The new school year is an exciting time for kids (and parents!). They are another year older and will be spending the next nine months learning and trying all sorts of new things! They will try new games and sports. They will grapple with new scientific concepts and solve math problems. They will read new books and write new words. But what they probably won’t do is try new foods.
Most children (and some adults) have a hard time trying new foods. However, this is not a universal problem. Americans, in particular, have a hard time getting their children to eat new foods, especially those that are actually good for them. But why?
There two primary reasons.
The first is biological. Children are predisposed to prefer salty, sweet, and fatty foods. And if these flavors are present in their food, they quickly learn to prefer them over dishes that doesn’t, especially if it’s new. Bitter, sour, and spicy take a bit of getting used to. You would be hard-pressed to find someone who can honestly say they enjoyed these flavors the very first time they tried them. Bitter, in particular, is a biological recognition of something that is poisonous, albeit only in large doses. You could never eat enough radicchio for it to harm you. But a child’s taste buds are far more sensitive to these things, and realistically their bodies are less capable of processing them. So their brains will tell them “stay away,” upon the first taste. But a few repeated tries will eventually teach their brains and taste buds, that this food is OK, and now I actually like it!
The second challenge is the food environment itself. Everywhere you turn in America, someone is trying to sell sweet, salty, and fatty foods to children. Look at the “kids menu” at any restaurant. What’s on it? Sweet. Salty. Fatty.
So what is a parent to do? Simple. Ignore the kids menu and give them the foods you eat. (That is if you aren’t just eating grilled cheese and hot dogs as well.) Sound a bit crazy? Well, that’s what cultures all around the world have been doing for thousands of years. Do you think your grandparents got to eat from a kids menu when they were a child? Probably not. It’s more likely they ate what their parents ate.
Easier said than done, right? Of course. Parents are endlessly busy. But like with many things, hard work, in the beginning, will pay off in the long run. Getting your child past their aversion to new foods will set them up for a lifetime of good nutrition and easier meal planning for you. Back to school is the perfect time to get kids started expanding their palates.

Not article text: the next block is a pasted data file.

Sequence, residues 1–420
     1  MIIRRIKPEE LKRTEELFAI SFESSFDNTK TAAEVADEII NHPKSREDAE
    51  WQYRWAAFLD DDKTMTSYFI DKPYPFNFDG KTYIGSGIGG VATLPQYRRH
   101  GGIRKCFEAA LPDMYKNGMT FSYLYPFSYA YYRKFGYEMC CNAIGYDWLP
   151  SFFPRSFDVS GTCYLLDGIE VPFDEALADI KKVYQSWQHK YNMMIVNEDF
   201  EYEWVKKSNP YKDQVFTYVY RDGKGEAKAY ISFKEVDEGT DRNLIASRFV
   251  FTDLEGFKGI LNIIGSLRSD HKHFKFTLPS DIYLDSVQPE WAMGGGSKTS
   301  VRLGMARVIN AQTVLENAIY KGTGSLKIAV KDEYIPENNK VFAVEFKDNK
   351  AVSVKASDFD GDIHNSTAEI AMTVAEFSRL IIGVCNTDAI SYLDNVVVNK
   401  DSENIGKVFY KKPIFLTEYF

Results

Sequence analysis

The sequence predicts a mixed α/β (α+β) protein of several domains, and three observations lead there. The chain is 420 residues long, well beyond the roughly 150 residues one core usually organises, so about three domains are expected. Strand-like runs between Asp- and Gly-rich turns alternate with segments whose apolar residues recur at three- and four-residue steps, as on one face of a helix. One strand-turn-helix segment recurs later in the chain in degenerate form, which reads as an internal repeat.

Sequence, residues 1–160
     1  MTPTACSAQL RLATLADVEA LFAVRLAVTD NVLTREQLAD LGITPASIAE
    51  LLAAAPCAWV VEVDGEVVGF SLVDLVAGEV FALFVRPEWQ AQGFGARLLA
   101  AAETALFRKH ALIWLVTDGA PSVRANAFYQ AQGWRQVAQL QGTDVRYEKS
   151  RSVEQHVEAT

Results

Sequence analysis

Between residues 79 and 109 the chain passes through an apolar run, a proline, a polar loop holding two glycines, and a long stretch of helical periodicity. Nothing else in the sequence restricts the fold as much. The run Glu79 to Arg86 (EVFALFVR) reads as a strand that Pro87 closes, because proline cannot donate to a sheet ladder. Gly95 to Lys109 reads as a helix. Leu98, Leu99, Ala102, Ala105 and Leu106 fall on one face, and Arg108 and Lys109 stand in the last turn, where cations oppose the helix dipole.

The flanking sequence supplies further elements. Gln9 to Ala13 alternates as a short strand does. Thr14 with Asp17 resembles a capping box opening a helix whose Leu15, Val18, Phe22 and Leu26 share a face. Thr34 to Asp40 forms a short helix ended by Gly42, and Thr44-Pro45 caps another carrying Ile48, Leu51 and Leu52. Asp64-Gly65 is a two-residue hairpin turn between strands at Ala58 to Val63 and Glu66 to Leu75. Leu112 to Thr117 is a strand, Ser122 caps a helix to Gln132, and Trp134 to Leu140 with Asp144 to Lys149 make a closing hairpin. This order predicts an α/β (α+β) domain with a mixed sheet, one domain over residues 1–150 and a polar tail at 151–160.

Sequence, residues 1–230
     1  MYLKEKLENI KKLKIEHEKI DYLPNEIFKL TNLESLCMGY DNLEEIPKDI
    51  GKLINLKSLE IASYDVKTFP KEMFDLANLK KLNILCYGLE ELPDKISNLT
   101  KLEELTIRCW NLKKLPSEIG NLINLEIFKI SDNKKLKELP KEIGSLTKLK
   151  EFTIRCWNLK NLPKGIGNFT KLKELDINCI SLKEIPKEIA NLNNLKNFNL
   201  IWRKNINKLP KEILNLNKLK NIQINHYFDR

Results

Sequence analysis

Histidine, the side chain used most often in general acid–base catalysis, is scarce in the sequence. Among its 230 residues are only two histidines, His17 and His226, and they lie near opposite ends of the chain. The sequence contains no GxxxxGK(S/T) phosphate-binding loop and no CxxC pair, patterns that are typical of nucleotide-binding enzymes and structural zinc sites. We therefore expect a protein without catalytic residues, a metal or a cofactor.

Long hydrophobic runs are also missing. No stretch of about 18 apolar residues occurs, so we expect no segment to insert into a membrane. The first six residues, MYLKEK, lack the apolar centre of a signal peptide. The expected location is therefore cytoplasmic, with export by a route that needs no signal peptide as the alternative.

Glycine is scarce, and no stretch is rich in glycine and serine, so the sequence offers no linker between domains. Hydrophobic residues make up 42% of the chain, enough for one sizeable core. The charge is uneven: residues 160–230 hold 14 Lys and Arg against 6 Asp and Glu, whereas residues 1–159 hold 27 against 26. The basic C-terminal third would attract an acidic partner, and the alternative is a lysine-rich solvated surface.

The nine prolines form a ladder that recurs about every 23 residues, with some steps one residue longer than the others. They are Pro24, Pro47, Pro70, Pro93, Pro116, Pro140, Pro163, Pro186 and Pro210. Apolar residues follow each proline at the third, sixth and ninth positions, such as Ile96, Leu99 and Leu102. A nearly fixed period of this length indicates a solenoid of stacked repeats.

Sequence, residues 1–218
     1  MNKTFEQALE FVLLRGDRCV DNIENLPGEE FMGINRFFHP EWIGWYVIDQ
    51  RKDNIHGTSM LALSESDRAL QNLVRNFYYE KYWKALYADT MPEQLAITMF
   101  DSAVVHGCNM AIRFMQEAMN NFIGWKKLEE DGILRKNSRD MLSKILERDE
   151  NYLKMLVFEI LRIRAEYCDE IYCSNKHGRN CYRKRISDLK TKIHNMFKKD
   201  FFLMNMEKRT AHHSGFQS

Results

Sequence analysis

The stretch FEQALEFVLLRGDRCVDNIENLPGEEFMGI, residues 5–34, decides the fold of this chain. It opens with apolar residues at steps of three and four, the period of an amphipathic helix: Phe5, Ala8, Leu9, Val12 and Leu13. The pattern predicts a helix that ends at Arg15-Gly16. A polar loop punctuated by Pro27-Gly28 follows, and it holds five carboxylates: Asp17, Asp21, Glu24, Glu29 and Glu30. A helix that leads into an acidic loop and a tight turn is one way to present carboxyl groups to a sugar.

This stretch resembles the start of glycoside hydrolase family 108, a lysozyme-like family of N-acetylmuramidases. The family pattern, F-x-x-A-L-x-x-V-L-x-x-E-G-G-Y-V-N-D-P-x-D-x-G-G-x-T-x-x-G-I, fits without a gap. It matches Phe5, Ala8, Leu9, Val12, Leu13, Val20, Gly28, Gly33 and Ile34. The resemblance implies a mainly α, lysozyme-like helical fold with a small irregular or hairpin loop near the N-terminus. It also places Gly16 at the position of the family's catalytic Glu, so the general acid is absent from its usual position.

Here are a few tips to help along the way:
- Start early. That isn’t very helpful to those with older children. But the earlier in life you introduce children to varied foods, the easier it will be for them going forward. The biological curve is the easier challenge to get through in this case. You as the parent, however, have to avoid the daunting food landscape that is attempting to convince you that salty and sweet is the way to go.
- Start small. Like really, really small. A single bite. This is helpful in two ways. For one, you won’t end up wasting food getting them to try new things. At the same time, a single bite is a much smaller challenge for any child and you can phrase it as such: “One bite and you’re done!” But don’t put a whole scoop and say, “just one bite.” Literally, put only one bite on their plate. Next time, make it two bites. Remember, you are up against biology here. Their taste buds have to learn just as much as their minds.
- Familiarity. The natural aversion to new things is anything but new. There is even a term for it, “neophobia.” So familiarity can be key. Take a new food and add it to something familiar. Adding broccoli to macaroni and cheese becomes macaroni and trees!
- Make it fun. Food shouldn’t be boring, and there are several ways to increase a child’s engagement with food. Gardening with kids and cooking with kids are two proven ways to increase a child’s interest in different foods. Obviously, this doesn’t work for everyone. Another way is to set goals. The new school year can be an excellent time to do this. But don’t use bribes like sweets as a reward. Encouraging a child to achieve by trying new things will yield surprising results.
- Make your own environment. Don’t bring home the sweet and salty foods. If it is in the house, the child will want it. You’ll probably fight about it. So save yourself some grief and keep these foods out of the house.
- Be a role model. This applies to all of the above. Don’t want your kid to eat a lot of junk food? Then you shouldn’t either. Want your kid to try new things? Then you should too. Set goals together. Stick to them together. Don’t expect your child to do something you wouldn’t do yourself.
- Stick with it. Expanding the palate takes time, just like learning any new skill. A lot of time in some cases. There will be setbacks. Probably a lot of them. For some foods, no matter how many times a child tries it, they just won’t like it. Which is OK. We all have those foods we just don’t like!
- Don’t stress. The bigger of a deal you make out of the new foods, the stronger aversion they may have to it. So relax. Make this experience fun. Remember, there will be setbacks!